Monday, 8 September 2008

Study Notes For R. Williams, 'Tokens of Trust' Chapter 4

“Fearlessness in giving has to find its place at the heart of things…” (83)

1. God’s desire for us and our world is an ‘economy of gift’ (82) whereby we live by a mutual generosity. But this is not the world we live in, and none of us seem to be able to break this cycle of ‘original sin’, which is merely the observation that we are all born into this imperfect world, and exhibit this imperfection in our lives. Thus we have weaved a tangle of selfishness “that goes back to the very roots of humanity.” (82)

2. Jesus is the break in the cycle that is needed.(83) The break must be genuinely human (or it won’t break the human cycle), but it must also be divine to effect the transformation required, for only God is so utterly free as to be able to give utterly selflessly. (This selfless giving is the very nature of God, Father, Son and Spirit.) This is why the doctrine of the two natures in Christ is so important; it verbalizes the experience of being saved by a human act, but one carried out by God in person.

3. Jesus, as Son in relationship with the Father, is this living out in history of the Trinitarian life of unrestricted and utterly consistent love. Utterly consistent remember because God is an utter fullness of love already and does not need us in this sense.) And in him this love is turned also toward us, so that the love we see and receive in Jesus is the total and unselfish giving of God. Through Christ, who is both God’s love turned to us and the Son in person in relationship to the Father, the very life of God is brought into history, personally. Think of Jesus as the intersection of God’s own life of love with the world.

4. But when love meets sin, the cross is the result. (84-85) Notice some of the New Testament metaphors for the death of Jesus (87-88) Williams picks up. None are literally true (which doesn’t mean they are meaningless), but all help us understand the depth and comprehensiveness of the salvation wrought in Christ. “The single central thing is the conviction that for us to be at peace Jesus’ life has to be given up. It isn’t that a vengeful and inflexible God demands satisfaction, more that the way the world is makes it unavoidable that the way to our freedom lies through the self-giving of Jesus, even to the point of death.” (88)

5. The descent into hell, pp. 88-89. Don’t get hung up on this, the point is that Christ’s salvation is universal and complete: nowhere is safe from it! The dereliction of the cross finds its nadir in the descent to the dead/hell, that place of utter godforsakenness. This follows the logic of the substitution of the cross to its (theo)logical conclusion.

6. Interesting argument for the reality of the bodily resurrection of Jesus, not just as a personal/psychological appearance (91-2). The resurrection is the triumph of God over evil and sin, but the theology of resurrection focuses on Jesus, not this triumph in abstract terms. This suggests that the disciples could not dispense with Jesus when talking of resurrection.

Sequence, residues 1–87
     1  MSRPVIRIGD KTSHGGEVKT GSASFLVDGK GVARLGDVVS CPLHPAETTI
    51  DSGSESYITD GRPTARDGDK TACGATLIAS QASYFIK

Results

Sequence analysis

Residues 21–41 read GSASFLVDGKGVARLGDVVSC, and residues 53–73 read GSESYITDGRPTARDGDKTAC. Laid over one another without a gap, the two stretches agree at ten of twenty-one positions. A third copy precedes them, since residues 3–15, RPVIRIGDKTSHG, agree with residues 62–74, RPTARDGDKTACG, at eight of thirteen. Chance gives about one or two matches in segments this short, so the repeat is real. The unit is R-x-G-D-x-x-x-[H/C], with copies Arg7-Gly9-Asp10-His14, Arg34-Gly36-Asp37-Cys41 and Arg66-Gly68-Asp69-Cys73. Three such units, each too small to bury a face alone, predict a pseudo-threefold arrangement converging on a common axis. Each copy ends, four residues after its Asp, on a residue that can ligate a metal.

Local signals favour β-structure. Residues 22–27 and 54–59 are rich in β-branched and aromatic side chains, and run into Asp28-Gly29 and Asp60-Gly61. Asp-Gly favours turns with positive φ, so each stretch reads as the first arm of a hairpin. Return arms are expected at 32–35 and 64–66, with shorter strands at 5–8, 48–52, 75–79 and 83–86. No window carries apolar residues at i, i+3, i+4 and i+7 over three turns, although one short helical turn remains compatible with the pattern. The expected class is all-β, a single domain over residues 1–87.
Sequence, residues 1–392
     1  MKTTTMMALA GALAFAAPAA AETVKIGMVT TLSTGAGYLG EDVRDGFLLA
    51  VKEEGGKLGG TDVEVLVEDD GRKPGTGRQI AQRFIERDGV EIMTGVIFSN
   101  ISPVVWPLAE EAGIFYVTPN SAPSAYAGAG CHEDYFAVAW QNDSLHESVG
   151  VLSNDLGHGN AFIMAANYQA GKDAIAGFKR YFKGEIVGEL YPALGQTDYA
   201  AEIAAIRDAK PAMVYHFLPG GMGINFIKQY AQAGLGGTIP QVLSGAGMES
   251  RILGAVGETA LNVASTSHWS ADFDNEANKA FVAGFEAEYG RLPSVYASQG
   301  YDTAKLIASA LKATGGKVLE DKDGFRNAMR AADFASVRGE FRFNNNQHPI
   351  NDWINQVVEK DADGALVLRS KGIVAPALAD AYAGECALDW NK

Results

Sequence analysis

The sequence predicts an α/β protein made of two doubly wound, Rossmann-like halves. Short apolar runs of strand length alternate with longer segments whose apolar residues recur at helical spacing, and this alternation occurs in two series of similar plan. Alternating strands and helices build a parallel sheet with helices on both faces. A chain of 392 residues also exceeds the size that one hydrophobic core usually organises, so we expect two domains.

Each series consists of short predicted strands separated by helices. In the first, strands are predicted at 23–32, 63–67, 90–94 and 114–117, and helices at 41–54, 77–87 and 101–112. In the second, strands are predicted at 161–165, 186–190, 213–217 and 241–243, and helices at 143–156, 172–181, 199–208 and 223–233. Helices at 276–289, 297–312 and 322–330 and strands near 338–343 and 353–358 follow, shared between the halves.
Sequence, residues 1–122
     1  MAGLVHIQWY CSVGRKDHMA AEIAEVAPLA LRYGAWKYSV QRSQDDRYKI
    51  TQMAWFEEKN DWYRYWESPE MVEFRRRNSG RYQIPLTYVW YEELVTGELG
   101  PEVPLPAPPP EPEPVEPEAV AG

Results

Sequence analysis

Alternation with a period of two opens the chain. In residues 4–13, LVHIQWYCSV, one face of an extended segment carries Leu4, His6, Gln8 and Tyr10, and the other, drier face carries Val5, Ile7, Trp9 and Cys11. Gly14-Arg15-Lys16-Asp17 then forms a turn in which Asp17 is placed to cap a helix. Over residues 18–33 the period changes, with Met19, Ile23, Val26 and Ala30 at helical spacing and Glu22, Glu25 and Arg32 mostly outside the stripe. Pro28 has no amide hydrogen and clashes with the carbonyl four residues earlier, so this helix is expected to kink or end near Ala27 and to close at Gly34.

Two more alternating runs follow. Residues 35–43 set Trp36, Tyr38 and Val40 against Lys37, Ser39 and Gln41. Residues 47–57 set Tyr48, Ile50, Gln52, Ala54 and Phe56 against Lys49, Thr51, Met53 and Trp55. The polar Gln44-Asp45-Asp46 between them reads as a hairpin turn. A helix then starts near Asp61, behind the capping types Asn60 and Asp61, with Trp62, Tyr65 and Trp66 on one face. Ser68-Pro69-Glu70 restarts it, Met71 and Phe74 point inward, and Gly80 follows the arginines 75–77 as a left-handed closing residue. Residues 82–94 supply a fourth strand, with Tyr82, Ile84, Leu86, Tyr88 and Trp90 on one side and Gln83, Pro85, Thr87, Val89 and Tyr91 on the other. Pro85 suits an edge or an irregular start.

7. Through the giving of the Spirit to us (see John 20) we receive the new humanity that is possible through Jesus ‘the break’ in original sin. The cycle is broken in him, and transmitted to us. (92) This Spirit we receive is not just a Spirit of loving other people, but is the Spirit of the love of Father and Son, the love that is free and unrestricted self-giving. (The latter is possible because of the former.) This parallels Jesus’ relationship with the Father on the one hand, and on the other hand, his relationship to the world.

8. The victory of Christ and the giving of the Spirit now have led some to think that the end has already come. Wrong. And this includes all those who cease to act rightly because they believe the end is nigh. We are assured of the future victory, but as the future. (This is one reason why it is important to see the resurrection as the future come to meet us, rather than a past event like the cross. The victory is not locked in the past, ineffective against current evils.)

9. In speaking of the second coming, Williams remembers a saying of Luther who said that if he knew the world was ending tomorrow he would plant a tree today! This is because to do so is good in itself, and doing good is important no matter how short the time frame. (98) So caring for the environment, or doing justice, is the right thing to do and to do now, even though the resurrection will transform everything.

10. Notice the interesting interpretation of ‘Lead us not into temptation’ (99). The light of Christ’s love is not just all beer and skittles. There is the pain of transformation, transforming the persons we have made ourselves by following the channels of original sin. Williams says that ‘save us from the time of trial’ is asking to be spared this final transformation until we have had the time to do some more work now, so that the final judgment won’t be quite so painful. 11. Sharing in the communion of Holy Spirit doesn’t just mean receiving an external gift, but receiving the Spirit that transforms our very natures. (101) What we share – our human nature – is transformed into the likeness of Christ himself. (The Word of God, by becoming an obedient human person, perfects our nature, and this perfection is transferred to us.) This new nature echoes the Trinitarian life itself, a nature that is constituted by mutual giving and receiving. (102) Thus the cycle of original selfishness, broken in Christ, becomes universal

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